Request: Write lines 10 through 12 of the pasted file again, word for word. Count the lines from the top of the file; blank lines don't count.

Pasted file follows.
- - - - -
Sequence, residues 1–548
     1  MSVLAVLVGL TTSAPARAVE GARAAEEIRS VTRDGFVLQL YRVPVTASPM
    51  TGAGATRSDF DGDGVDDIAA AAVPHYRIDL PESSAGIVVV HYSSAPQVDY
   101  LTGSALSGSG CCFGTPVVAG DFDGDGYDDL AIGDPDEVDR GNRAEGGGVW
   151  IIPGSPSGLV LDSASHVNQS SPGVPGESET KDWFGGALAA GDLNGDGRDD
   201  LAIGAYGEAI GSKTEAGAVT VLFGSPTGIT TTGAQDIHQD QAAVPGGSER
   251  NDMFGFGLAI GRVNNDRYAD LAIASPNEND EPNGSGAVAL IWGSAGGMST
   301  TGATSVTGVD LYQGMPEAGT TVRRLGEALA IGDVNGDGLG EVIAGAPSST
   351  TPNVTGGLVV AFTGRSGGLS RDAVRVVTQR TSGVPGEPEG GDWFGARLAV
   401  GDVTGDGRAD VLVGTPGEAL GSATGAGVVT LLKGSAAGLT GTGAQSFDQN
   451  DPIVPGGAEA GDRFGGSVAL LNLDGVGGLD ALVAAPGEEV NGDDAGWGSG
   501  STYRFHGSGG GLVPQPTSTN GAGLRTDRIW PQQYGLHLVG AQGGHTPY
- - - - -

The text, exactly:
   401  GDVTGDGRAD VLVGTPGEAL GSATGAGVVT LLKGSAAGLT GTGAQSFDQN
   451  DPIVPGGAEA GDRFGGSVAL LNLDGVGGLD ALVAAPGEEV NGDDAGWGSG
   501  STYRFHGSGG GLVPQPTSTN GAGLRTDRIW PQQYGLHLVG AQGGHTPY